Thursday, July 31, 2008

Greetings from: VENICE

After a late night on a cramped train from Ljubljana, stepping into the morning light of Venice was not quite a breath of fresh air—if for no other reason than the canals create their own atmosphere. But Sunday is its own world in Venice; silence reigns on the Rialto Bridge, still clear of tourist trinket stalls. A handful of vendors were setting up their wares, but except for the unfurling of awnings, the quiet seemed almost medieval, otherworldly. You could hear the leaf-green water lick the edges of the canals. People were getting in their boats; shops were shuttered. The food vendors only now put out their good, narrow cups filled with watermelon and kiwi. In the cobblestone squares, empty plastic cups cricked against each other as the wind blew them about, and beer bottles, proof of late night’s revelry, stood in corners, on ledges. It must have been a wild Saturday evening.

As the day grew later and hotter, more tourists appeared, so that by the time we reached San Marco Square, the place was filled with tour groups, some following their leaders holding up little umbrellas, others following along with earpieces to their guide speaking quietly to them through the ether. From every vantage, the winged lion of Venice looked down, holding his Book. When we crossed back over the Rialto, we could hardly move from the crowds. Every shop glittered with “Murano” glass, cut and shaped into every conceivable form. If I stopped into those shops, it was only to soak up the air conditioning; with a bulky bag dangling from my shoulder, I was rightly concerned about stumbling and creating lots of beautiful glass shards on the floors of Venice.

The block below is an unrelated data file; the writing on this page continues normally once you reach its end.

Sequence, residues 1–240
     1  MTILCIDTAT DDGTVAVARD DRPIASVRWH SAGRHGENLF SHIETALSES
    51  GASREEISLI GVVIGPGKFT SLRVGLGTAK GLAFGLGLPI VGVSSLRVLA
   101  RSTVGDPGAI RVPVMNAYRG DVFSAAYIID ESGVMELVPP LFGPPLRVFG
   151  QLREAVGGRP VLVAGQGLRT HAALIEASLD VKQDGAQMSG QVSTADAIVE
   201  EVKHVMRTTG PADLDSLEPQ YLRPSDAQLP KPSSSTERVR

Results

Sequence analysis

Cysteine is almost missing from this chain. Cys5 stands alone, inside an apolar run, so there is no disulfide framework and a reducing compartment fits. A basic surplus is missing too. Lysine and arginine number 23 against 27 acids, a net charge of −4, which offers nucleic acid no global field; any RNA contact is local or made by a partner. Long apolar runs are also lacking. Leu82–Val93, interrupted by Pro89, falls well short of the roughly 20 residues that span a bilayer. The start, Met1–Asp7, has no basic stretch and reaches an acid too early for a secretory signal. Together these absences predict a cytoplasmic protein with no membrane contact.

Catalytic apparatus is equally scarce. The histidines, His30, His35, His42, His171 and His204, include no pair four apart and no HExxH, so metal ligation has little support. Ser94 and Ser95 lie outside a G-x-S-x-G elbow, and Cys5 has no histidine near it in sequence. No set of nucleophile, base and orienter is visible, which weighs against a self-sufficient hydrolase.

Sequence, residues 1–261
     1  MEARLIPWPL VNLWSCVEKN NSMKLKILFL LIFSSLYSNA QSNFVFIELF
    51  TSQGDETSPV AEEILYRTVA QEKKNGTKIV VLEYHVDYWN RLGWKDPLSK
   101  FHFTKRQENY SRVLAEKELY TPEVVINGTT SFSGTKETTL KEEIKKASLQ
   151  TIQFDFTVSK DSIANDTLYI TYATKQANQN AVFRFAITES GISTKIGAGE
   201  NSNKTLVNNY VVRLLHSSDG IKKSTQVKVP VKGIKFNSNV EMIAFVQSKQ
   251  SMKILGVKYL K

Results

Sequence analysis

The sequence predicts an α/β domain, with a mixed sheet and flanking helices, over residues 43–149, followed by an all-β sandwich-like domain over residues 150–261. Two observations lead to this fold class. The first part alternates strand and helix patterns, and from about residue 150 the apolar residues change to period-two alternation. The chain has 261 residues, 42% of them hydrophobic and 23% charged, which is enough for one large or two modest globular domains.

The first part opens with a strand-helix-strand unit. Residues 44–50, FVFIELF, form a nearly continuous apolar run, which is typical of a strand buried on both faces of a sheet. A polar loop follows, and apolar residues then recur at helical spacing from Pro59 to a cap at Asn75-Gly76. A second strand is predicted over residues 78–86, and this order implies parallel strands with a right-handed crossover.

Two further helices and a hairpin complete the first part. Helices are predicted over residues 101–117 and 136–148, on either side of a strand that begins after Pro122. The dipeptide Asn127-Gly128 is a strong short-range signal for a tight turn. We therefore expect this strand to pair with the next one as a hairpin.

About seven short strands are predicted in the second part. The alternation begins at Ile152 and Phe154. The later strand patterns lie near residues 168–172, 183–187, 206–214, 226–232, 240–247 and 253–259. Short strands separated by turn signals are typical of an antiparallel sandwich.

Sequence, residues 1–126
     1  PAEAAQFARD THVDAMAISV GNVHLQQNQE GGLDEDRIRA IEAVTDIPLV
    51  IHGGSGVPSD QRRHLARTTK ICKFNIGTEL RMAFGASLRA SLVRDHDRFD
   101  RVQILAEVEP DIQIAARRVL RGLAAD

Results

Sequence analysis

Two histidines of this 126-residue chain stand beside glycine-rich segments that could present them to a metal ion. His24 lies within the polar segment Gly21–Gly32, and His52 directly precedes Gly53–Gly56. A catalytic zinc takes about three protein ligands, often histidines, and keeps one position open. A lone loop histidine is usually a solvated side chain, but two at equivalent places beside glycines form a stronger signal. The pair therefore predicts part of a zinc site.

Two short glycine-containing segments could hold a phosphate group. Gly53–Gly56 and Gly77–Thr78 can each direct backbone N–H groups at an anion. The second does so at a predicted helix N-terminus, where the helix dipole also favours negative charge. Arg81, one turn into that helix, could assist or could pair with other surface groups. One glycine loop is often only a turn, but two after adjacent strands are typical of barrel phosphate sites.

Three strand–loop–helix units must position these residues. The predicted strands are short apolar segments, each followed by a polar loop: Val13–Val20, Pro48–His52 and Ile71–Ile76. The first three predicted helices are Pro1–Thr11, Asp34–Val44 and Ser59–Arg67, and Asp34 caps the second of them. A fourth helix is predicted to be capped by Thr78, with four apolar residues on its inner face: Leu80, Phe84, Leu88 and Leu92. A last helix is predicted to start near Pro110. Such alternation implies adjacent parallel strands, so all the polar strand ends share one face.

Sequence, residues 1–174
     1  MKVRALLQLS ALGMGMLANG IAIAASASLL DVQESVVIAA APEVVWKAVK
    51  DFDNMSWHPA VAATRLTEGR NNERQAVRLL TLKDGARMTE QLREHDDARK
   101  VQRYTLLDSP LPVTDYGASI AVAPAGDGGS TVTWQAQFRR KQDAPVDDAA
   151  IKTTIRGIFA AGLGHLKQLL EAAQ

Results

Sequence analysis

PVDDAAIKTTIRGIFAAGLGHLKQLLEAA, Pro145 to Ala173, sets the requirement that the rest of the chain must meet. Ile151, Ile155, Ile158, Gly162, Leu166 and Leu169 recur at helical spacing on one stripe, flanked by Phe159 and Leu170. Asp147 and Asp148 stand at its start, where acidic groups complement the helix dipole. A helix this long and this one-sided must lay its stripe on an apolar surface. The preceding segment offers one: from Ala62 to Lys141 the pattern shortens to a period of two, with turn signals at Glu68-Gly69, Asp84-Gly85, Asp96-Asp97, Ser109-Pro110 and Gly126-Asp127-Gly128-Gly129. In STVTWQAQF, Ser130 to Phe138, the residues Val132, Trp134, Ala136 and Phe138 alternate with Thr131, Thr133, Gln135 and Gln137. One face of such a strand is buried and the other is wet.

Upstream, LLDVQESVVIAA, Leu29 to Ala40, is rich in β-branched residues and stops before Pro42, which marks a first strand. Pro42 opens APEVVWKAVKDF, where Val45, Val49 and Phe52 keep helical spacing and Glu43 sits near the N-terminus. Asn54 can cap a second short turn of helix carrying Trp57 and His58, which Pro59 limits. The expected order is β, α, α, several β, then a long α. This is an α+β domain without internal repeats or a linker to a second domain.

With only a few hours to spend in Venice—a tragically tight schedule—you can’t help but hit all the big tourist spots: The Bridge of Sighs, the Grand Canal, the Doge’s Palace. But sometimes this is the way it has to be. At lunch, we sat in the shade, while an accordion player serenaded us with a medley of the great Italian musical stereotypes. It was the quintessential Italian experience: eating flat-crust pizza al fresco, while “O Sole Mio” plays in the background.

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